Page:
Contention 1: Civil disobedience is not morally justified because it leads to jeopardizing the lives of people. Some protesters of civil disobedience resort to violence to spread their own messages, jeopardizing the lives of others in the process. Malcolm X is an example. Throughout his role in the civil rights movement, he resorted to violence in order to express his ideas in a widespread manner. In the article, "MLK vs. Malcolm X" by Brielle Edwards, it is stated,
"His most famous line was "By any Means Necessary". He believed in fighting back physically. Whatever had to be done to get freedom he was all for it whether it be violence or non violence."
She also states:
"Malcolm X had a different perspective regarding the march. He felt that integration would destroy the black and the white man. He felt that American blacks should be more concerned with helping each other. He felt blacks should start by giving the same race self-respect first."
The impact is that some protesters of civil disobedience can resort to violence in order to spread their message. The inappropriate act of violence can lead to the loss of lives, which is morally wrong.
Contention 2: Civil Disobedience is not morally justified because it leads to violence w=very often. As stated in "Fredrik Bendz" philosophy: Civil Disobedience" by Fredrik Bendz, it states: "Even a small group of citizens can, with only a little effort, cause great destruction on the infrastructure of a country. The problem with this is that a small terror group without any mandate from the rest of the population may consider themselves to be the righteous ones. Some Anarchists even think that they are acting in the best interest of society, even though the people sympathize neither with their ends nor their means. These people seem to think that they are somehow superior, and that the others don't know their own best." The impact is similar to the previous argument; it jeopardizes the lives of people, leading to deaths in occasion. However, if civil disobedience can be prevented, the loss of lives can be prevented, all the while keeping the general public"s autonomy in balance.
My opponent's value criterion is protecting the lives of citizens. I would like to extend my third contention from my AC. I stated that civil disobedience is a non violent protest and the government has to be a limited on in order to prevent violence. If violence is prevented, then we will see less deaths.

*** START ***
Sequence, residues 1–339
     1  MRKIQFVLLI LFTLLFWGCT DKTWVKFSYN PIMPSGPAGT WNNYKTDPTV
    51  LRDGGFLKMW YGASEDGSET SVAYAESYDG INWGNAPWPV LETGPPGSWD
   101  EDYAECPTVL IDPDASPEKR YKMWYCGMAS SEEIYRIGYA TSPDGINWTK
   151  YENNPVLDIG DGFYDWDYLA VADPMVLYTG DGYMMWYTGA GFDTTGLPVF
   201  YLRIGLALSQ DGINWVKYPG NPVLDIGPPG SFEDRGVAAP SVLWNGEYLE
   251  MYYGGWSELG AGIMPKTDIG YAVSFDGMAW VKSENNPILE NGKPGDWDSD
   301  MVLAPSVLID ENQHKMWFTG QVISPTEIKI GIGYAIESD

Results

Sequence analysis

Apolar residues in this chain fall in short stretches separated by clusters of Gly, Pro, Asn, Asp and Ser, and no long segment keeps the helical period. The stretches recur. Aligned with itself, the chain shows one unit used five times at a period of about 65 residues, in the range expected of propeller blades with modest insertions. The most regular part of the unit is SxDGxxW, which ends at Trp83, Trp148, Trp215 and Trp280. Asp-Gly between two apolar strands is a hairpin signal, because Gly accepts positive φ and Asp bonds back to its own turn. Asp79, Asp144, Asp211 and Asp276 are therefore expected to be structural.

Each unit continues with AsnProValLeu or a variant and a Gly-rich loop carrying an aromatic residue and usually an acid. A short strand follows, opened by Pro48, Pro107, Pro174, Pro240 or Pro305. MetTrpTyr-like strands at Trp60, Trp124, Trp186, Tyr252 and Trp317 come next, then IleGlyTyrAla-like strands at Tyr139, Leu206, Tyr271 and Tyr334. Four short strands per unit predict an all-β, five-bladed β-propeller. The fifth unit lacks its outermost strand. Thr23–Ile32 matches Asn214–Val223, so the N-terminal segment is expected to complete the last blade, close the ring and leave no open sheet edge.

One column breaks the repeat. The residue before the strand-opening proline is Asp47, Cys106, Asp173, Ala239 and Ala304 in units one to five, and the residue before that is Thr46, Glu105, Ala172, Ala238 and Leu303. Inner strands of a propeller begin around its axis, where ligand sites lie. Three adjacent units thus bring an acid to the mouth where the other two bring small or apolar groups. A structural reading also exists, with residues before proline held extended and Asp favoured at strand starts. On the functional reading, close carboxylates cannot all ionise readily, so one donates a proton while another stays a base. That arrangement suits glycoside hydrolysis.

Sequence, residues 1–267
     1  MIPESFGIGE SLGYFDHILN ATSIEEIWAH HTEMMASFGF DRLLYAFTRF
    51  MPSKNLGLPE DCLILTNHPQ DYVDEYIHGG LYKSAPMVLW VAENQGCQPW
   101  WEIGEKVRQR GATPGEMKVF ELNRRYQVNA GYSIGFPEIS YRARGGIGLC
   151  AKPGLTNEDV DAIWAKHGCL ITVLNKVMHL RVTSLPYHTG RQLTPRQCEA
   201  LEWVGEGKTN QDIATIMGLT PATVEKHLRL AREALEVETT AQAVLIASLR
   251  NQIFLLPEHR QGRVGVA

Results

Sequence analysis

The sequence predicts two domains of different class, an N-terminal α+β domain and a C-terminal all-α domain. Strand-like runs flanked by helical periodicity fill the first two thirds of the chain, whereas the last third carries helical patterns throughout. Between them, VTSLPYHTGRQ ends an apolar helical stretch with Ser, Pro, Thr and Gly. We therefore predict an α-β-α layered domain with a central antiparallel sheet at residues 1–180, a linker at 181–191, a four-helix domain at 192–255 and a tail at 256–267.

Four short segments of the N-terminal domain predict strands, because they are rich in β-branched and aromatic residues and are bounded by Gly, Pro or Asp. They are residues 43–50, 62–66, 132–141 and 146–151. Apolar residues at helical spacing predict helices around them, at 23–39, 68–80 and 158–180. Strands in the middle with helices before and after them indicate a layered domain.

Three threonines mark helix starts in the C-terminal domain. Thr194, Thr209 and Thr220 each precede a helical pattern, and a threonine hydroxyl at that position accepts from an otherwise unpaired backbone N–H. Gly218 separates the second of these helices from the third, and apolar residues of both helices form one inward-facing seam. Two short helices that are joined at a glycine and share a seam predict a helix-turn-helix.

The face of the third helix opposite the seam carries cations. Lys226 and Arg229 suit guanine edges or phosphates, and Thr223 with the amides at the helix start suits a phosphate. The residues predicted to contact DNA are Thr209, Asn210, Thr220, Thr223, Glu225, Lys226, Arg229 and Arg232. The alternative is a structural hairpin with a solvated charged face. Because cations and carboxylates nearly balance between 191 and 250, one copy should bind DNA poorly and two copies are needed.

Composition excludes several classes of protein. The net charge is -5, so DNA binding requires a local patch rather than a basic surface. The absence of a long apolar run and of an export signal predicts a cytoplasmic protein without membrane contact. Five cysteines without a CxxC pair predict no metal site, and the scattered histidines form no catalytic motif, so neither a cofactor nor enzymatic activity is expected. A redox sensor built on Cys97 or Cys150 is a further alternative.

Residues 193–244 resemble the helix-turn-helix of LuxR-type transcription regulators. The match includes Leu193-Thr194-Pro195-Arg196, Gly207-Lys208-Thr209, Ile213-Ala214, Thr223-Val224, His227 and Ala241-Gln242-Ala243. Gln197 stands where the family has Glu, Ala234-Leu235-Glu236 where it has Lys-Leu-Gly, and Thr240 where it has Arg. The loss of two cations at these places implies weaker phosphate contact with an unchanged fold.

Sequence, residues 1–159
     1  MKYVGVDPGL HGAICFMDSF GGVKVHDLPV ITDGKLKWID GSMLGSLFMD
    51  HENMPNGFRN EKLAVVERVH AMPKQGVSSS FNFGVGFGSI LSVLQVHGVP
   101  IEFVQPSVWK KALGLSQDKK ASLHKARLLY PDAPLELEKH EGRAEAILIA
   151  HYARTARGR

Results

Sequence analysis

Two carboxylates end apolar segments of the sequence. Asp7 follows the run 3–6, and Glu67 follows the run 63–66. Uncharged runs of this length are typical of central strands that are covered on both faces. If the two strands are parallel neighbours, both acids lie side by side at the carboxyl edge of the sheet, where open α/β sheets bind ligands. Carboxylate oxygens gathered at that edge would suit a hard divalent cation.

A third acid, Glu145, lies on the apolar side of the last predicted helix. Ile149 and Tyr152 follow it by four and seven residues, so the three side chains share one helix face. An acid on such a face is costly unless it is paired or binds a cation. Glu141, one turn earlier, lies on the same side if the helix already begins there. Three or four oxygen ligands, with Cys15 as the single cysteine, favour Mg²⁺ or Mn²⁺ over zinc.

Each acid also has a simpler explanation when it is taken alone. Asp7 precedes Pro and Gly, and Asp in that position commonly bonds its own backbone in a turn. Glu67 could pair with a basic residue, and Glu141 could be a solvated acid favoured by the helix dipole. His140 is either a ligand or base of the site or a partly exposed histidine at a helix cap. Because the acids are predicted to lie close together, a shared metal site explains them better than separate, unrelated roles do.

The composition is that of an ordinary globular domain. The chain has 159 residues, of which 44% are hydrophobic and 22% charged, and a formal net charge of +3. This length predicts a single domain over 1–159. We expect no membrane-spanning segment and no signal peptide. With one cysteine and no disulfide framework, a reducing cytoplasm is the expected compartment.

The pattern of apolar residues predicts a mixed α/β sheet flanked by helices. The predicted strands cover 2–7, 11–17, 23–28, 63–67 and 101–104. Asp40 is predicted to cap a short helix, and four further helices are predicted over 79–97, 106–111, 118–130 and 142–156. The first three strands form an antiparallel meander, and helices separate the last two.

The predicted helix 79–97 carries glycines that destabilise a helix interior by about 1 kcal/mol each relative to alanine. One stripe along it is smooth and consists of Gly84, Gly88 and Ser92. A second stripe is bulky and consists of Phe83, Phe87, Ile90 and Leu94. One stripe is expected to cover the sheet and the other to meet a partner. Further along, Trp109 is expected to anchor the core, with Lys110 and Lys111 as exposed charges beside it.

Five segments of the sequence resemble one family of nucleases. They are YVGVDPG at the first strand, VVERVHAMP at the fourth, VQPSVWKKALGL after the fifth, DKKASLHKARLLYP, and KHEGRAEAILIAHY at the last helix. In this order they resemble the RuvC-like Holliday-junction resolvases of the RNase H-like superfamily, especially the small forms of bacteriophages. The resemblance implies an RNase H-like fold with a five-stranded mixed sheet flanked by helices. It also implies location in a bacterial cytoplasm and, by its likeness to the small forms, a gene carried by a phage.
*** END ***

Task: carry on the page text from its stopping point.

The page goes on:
My opponent's first contention is the same as his value criterion. He does offer one example, that referring to Malcolm X. However, he has committed fallacy to hasty conclusions by stating in his value criterion that it very often leads to violence. That may have happened in incidents caused by one person, but I show a different side in where the government causes the violence, thereby violating the citizen's freedom of speech, and that the protestors do not cause violence. Martin Luther King was an advocate of peace and his rallies were non-violent. Greece's citizens did not start violence, the government did. These are two of many examples.
My opponent's second contention is the same as the first one. Therefore, that argument should be dropped. I also offered up many points in my AC in which my opponent did not respond to.
I would like to extend contention 1 of my AC which is that civil disobedience has led to much great advancement in society. I say this because Greece is in the process of changing. Martin Luther King and other civil rights leaders gave us civil equality. I would now like to end by turning my opponent's value criterion to fit my first contention. By achieving advancements you are reducing threats from, for example, the Klu Klux Klan, and therefore protecting citizens rights. My opponent also did not respond to my second contention. Working within the system takes too long. And by taking to long, you are allowing change to be delayed, therefore keeping citizen's lives in danger, as well as your freedom of speech.
Also, my third contention was not responded to. I stated that the government must be a limited one. This protects both freedom of speech and the lives of citizens. My opponent stated in his first contention that civil disobedience often leads to violence. However, I offered two examples as to why the government was the problem. As well as in my third contention I offered quotes from Thoreau and Martin Luther King. If the government fights back you are endangering their lives and you are making them become afraid. This will lead to a loss of life and a reduction in freedom of speech. Thus I urge you to affirm, because there were no arguments against my AC in which I can respond to as well as the fact that I offered ways in which civil disobedience helps protect the lives of citizens and freedom of speech.